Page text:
Over the last decade, more and more individuals have been either doing their own taxes or having a friend do them (In 2010, professional tax preparers handled only about 60% of those returns)…. and staying away from all the price gouging that companies like HR Block and Jackson Hewitt impose, particularly if you are in financial need and require a rapid return. (Note: as of last year, Rapid Refunds were restricted by federal regulators at HR Block and capped at $1500 for Jackson Hewitt.)

My wife, who is not a certified tax professional, often does the tax returns for about 10-15 of her co-workers and various family members. Does this appear to be the trend now?

While the Mrs. seems to be doing a good job, what are some red flags you should look for when a tax preparer is referred to you? Just because they appear confident and ready to earn your business, should you let them?

5 Red Flags To Look For: Think Anyone Can Prepare Your Taxes? Think Again!

1) Lack Of Availability/Lack Of Integrity — Giving one access to your financial documents and exposing intimate details about your life, family, income, expenses, and deductions is not something you should take lightly. Take some time to meet this person in person and learn about them. You want to know about their background, experience… plus, you want to know what level of support you can expect if something goes wrong now… and 5 years from now!

If I’ve given documents to my tax preparer, I expect, he/she will have questions, need more clarification, or may even request supporting documentation. When that’s not the case, and when the preparer is anxious to rush to a filing, I’d worry!

Another concern is when the tax preparer wants to remain anonymous and your friend who recommended them wants to pick up your W-2′s and deliver them on your behalf.

Also, be weary if someone who works at a tax firm is scraping work on the side for their own benefit  and either misrepresenting their company or misrepresenting what their role is.

2) Big Promises — The reality is many Americans actually end up owing money. If you haven’t evaluated my financial situation, how can you promise… anything?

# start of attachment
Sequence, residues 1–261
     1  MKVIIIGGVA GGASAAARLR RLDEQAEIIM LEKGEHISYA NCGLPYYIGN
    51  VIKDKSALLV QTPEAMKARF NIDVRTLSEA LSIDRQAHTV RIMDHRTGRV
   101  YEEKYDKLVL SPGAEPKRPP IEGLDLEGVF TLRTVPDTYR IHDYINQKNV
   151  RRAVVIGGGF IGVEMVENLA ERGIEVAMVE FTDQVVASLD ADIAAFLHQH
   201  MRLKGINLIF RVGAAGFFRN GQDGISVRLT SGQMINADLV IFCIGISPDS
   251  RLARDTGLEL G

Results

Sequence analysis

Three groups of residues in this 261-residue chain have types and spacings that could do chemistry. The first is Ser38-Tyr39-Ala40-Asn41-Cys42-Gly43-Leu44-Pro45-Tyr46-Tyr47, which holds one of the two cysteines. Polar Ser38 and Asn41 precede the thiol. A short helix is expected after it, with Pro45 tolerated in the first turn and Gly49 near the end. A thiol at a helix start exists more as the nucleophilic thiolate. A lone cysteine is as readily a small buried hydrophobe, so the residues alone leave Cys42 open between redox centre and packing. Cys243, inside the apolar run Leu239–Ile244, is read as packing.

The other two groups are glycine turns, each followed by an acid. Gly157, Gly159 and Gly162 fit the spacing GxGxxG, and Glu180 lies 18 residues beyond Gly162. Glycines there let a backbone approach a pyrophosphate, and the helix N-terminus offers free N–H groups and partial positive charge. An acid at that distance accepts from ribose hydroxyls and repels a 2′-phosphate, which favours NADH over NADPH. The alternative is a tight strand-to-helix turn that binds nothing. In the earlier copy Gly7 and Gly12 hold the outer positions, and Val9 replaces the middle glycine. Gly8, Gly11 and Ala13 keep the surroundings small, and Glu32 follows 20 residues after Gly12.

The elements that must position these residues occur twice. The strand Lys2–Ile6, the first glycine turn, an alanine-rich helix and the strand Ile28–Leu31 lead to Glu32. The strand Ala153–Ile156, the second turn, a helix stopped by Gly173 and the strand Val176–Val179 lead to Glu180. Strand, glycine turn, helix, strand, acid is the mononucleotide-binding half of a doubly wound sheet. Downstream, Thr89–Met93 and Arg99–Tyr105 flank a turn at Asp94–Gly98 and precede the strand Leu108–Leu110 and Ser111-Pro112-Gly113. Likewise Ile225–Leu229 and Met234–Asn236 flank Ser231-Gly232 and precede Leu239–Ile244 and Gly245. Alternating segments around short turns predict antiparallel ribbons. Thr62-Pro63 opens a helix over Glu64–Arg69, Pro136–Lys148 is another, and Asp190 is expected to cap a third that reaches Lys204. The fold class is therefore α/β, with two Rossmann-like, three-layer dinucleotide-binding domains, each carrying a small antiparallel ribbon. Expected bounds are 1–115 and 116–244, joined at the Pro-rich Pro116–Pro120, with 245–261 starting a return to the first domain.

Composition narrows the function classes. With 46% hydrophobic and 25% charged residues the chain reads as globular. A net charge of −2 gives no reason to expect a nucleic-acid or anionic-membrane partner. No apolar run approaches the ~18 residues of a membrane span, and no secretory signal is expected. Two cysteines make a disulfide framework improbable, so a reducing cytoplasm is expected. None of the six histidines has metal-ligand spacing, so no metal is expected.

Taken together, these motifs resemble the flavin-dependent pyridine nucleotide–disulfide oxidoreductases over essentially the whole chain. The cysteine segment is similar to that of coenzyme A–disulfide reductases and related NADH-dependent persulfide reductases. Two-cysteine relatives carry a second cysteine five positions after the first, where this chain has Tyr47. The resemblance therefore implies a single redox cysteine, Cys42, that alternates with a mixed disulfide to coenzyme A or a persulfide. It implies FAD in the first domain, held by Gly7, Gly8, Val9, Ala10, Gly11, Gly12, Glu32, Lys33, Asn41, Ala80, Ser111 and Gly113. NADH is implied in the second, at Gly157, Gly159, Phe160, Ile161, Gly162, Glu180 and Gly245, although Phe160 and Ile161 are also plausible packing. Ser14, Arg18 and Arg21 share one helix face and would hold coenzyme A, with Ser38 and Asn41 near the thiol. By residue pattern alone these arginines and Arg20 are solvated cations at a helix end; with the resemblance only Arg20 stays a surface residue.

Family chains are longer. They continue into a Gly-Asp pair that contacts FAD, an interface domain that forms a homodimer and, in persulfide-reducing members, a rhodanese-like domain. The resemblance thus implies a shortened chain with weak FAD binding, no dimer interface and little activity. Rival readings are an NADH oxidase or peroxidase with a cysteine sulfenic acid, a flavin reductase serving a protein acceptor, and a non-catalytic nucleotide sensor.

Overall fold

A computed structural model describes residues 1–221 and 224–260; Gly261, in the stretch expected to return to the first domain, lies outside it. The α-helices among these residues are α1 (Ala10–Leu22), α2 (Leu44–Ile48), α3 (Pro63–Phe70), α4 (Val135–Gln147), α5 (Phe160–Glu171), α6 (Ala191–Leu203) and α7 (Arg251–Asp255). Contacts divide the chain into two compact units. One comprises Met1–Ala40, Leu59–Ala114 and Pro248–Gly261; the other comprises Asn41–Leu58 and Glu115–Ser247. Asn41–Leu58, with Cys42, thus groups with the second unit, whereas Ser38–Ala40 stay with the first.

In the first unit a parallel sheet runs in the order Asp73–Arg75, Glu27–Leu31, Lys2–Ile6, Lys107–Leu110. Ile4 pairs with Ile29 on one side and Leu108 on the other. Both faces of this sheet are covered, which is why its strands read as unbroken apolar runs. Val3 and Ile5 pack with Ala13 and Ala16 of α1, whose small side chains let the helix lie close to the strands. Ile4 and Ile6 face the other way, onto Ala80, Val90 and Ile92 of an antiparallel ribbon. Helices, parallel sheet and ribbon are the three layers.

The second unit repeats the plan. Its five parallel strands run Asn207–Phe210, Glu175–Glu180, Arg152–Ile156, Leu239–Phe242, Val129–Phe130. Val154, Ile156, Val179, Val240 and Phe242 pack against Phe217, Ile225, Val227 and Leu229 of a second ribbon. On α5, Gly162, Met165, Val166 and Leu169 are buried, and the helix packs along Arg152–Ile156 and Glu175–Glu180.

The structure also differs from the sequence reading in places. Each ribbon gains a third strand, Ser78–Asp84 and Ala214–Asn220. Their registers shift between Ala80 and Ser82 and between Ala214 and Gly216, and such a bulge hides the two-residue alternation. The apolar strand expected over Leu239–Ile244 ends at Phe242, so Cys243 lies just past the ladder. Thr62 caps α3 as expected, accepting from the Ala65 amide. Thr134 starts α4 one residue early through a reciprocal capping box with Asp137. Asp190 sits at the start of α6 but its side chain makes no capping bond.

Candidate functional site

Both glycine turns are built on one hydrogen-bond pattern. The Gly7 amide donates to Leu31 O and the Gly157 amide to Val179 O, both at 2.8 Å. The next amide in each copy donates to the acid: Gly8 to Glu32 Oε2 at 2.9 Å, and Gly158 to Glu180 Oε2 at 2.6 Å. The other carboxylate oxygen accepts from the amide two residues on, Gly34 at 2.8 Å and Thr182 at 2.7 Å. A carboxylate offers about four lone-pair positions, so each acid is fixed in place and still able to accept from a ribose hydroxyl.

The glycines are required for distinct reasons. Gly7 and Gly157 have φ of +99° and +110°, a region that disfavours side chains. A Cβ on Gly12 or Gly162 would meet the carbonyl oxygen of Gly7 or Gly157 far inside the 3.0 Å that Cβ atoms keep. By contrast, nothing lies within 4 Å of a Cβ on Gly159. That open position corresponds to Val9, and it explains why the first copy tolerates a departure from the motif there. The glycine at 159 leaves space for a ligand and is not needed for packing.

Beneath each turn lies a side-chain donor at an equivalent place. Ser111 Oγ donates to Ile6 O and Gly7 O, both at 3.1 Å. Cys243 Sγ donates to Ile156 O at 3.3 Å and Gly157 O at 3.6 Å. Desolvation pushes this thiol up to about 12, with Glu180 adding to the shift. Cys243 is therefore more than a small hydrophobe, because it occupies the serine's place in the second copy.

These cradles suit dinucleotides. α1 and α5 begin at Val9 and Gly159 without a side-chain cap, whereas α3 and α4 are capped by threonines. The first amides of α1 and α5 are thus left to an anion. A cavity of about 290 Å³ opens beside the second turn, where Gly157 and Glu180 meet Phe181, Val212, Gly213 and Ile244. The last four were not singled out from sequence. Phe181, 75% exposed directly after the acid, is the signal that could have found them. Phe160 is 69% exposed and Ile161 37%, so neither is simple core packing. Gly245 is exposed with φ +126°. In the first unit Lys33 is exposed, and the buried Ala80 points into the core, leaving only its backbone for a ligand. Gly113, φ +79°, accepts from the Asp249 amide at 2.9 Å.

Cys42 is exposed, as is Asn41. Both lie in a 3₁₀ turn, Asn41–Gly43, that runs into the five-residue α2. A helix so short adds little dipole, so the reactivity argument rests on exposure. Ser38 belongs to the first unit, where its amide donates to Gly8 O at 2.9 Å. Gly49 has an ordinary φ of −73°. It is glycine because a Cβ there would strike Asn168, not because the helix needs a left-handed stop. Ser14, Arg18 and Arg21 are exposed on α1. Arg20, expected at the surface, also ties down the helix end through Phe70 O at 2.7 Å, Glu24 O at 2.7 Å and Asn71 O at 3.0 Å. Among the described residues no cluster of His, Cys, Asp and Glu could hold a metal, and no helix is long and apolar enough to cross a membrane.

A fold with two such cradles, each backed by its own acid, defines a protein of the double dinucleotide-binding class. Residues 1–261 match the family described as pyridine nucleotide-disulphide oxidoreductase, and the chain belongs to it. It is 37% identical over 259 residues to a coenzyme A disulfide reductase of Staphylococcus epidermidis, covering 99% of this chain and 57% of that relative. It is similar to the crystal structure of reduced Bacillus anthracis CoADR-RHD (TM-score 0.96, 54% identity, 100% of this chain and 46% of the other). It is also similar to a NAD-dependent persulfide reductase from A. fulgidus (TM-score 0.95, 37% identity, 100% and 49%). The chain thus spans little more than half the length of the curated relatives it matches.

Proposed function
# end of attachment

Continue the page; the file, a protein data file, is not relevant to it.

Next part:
This type of approach is insulting and a ploy to take advantage of people’s unfortunate naivety.

Sure, anyone can promise a BIG refund if they grossly manipulate the numbers, but the IRS will surely target these miscalculations and audit you!

3) Credentials — Oh, they don’t have any? May I have some references? I want to speak with clients you have worked with in the past.

You can avoid potentially serious issues by checking if your tax preparer has the correct identification. The IRS recently began assigning Preparer Tax Identification Numbers (PTINs), and if your tax specialist can’t provide one, you may be courting trouble by using an unlicensed preparer.

4) My Refund Is In YOUR Checking Account?  — If a tax preparer insists that any refund check be made out to his or her company, or deposited directly into a bank account without your name on it, that’s a huge red flag that your refund may not find you when all is said and done.

5) Your Fee Is What Percentage Of My Return? — Reputable tax-prep firms charge a flat fee for their services, based on the size and scope of your tax return. If a preparer bases your fee on a percentage of your tax refund, that should be an immediate deal-breaker. That gives the preparer incentive to pump up your refund by any means possible, which can invite some mishandling of your financial information.

Bottom Line 

Just because someone has done something for a long time, does not mean they do it well.

In the end,  including claiming too many exemptions, failing to claim allowable tax credits and missing tax deductions that could have saved you money is YOUR responsibility. Your good name on the line (literally), it’s best to thoroughly review any tax specialist you’re thinking of bringing aboard.

People take a lot for granted when they are buying a home, a car, giving their money to a Financial Adviser, or getting their taxes done. Don’t be that person.

Source Blogger says: Be Careful!